Craters quickly growing across Russia have mystified scientists over the past few years. But most can agree that they're not a good sign.
The name of the Yamal Peninsula in Siberia translates literally to the “End of the Earth.”
It’s a disturbingly appropriate name for a place where the effects of global warming are materializing in the form of giant, gas-leaking sinkholes.
The mysterious holes began appearing in 2014 — the first measuring more than 50 feet wide. At the time, scientists were unsure of what was going on.
More than ten craters later, and they’ve found melting permafrost to be a likely culprit — which is not a good sign for the environment.
“The last time we saw a permafrost melting was 130,000 years ago,” Dr. Gideon Henderson, a professor of earth sciences at Oxford, told CNBC. “It’s a natural phenomenon because of changes in the earth’s orbit.”
So the melting in itself is not an issue. The scope of it, however, really is.
“What is definitely unprecedented is the rate of warming,” Henderson explained. “The warming that happened 130,000 years ago happened over thousands of years…What we see happening now is warming over decades or a century.”
This accelerated climate change can be seen in the quickly deteriorating permafrost, which releases significant amounts of carbon as it thaws.
The release of carbon then further escalates the rate of global warming, which will then melt more permafrost as part of a vicious and potentially deadly cycle.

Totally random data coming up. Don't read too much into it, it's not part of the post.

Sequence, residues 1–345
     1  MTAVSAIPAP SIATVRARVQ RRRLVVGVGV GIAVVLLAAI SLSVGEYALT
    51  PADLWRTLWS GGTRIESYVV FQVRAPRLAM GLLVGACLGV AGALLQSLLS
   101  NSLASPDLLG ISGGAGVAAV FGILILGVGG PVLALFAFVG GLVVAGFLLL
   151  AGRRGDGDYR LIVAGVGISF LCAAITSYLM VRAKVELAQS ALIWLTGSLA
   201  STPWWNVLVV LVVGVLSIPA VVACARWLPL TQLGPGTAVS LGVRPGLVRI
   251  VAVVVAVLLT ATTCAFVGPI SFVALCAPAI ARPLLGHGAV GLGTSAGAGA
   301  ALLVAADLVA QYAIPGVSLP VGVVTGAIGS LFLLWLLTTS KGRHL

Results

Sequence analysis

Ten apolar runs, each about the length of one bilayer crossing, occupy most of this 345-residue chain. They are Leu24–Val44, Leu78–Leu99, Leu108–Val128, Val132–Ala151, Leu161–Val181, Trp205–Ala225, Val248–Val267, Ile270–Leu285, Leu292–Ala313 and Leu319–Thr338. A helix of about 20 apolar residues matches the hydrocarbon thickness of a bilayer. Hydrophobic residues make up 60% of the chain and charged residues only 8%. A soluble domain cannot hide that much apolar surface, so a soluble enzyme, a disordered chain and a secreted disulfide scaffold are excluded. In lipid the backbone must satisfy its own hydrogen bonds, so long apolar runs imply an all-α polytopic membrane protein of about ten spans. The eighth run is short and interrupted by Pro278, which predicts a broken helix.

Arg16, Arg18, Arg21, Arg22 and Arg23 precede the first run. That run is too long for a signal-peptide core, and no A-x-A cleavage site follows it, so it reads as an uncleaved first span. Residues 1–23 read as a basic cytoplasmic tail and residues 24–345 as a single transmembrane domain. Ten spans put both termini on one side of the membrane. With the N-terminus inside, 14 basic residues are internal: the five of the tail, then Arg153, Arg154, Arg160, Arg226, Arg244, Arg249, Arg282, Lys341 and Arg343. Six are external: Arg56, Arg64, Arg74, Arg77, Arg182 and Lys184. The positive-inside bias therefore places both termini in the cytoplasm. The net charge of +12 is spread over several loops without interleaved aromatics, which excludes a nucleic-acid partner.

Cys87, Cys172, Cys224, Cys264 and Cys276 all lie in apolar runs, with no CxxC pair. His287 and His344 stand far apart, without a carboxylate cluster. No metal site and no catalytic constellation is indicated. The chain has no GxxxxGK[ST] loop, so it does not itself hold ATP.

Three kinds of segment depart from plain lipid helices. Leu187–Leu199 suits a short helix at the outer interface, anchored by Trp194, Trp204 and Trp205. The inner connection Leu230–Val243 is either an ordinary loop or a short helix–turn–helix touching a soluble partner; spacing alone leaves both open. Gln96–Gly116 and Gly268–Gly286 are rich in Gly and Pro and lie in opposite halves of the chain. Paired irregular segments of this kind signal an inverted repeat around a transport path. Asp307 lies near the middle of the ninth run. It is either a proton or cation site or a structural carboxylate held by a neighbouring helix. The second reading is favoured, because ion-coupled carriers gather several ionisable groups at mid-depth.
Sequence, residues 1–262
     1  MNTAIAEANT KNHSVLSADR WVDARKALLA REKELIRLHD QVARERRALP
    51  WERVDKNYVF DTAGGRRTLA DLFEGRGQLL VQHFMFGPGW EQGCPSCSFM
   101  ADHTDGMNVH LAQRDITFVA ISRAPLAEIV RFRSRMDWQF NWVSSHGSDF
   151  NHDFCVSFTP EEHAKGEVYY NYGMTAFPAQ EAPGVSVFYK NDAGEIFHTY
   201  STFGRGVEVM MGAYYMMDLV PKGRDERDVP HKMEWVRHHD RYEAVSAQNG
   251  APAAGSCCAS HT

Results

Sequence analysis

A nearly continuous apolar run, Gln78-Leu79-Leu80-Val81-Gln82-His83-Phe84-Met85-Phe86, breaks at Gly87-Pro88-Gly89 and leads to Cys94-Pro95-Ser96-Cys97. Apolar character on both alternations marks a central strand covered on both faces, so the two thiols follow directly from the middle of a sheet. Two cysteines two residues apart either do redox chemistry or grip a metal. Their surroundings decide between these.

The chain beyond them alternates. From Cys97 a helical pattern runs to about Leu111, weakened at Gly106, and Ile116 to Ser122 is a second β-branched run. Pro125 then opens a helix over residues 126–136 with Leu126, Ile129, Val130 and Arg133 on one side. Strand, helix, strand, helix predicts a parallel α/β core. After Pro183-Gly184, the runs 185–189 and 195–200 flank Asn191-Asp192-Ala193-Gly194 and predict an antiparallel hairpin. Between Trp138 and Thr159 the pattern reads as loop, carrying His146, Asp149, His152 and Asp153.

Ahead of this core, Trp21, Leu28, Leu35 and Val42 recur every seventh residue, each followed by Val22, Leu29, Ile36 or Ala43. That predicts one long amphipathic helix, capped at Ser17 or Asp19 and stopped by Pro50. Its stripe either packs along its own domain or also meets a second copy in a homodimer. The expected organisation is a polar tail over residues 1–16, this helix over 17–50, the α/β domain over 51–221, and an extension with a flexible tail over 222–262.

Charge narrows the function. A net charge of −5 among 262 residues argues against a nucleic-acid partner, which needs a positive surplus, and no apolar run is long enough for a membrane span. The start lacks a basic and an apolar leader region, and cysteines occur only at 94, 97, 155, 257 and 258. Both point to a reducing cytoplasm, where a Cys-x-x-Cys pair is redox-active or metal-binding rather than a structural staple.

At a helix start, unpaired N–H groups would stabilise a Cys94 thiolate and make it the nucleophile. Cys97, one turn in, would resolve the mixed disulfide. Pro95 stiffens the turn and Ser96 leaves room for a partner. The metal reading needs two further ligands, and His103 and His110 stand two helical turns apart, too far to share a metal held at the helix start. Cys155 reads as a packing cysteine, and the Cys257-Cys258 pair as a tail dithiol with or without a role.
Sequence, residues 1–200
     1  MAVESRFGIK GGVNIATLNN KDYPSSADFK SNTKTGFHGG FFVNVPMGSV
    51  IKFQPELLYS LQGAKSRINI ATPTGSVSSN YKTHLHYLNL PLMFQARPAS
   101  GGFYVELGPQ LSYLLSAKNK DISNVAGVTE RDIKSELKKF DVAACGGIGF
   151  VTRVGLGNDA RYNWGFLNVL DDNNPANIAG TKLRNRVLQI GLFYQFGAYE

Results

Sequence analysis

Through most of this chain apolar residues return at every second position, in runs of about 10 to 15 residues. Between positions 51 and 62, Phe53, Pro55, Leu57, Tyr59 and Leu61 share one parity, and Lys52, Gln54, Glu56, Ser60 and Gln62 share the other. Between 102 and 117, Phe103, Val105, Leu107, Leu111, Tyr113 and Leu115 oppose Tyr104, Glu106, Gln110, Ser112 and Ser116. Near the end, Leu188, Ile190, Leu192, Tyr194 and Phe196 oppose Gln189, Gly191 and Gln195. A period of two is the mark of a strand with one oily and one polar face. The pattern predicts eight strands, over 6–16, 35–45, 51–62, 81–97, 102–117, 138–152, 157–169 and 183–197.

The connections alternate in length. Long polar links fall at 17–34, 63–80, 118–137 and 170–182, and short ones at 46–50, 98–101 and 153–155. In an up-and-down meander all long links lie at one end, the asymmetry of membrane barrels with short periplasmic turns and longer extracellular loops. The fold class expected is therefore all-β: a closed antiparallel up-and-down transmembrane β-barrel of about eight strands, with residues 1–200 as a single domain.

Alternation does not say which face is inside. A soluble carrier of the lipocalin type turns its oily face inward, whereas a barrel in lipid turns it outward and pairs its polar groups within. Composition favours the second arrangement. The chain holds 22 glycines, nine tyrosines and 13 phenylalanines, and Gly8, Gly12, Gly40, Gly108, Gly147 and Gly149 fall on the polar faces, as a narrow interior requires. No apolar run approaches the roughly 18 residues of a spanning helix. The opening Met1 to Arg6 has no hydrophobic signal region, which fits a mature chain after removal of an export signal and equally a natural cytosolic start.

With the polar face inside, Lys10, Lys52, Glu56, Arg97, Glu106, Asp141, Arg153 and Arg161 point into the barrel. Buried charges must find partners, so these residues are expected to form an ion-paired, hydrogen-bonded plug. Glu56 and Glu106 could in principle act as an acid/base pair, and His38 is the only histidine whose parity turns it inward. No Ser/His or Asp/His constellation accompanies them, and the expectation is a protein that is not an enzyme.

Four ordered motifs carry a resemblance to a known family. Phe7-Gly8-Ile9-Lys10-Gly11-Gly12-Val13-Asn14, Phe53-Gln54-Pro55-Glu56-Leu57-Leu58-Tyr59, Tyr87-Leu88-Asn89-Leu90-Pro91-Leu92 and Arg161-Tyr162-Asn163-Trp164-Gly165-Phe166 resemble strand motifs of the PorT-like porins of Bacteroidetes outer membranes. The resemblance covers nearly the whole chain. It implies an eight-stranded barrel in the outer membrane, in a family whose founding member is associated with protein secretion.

“People in permafrost regions rely on frozen ground for their infrastructure,” Henderson said. “As the ground melts, the railway collapses, the roads fall apart, the buildings sink into the ground…It’s happening already.”
The permafrost also releases methane, which warms the planet 86 times faster than carbon dioxide, according to the Intergovernmental Panel on Climate Change.
The exact cause of the craters remains unproven, so researchers are unsure exactly how much gas is being released from the holes. But every proposed theory has rising temperatures at its center.
Many scientists believe that the release of gasses underground is causing crater-making explosions.
Some of the craters now stretch about 330 feet across and a few of them have turned into lakes.
While the holes are almost undoubtedly a sign of global warming, they also could provide clues in how to best combat it.
As the ground continues to open up, the Earth is revealing 200,000 years of climate history in the ice sheet layers.
“If we can understand what the ecosystem was like then — that might give us some inkling into how the environment may change now if the climate is warming.”
One positive side of a phenomenon locals have named the “doorway to the underworld.”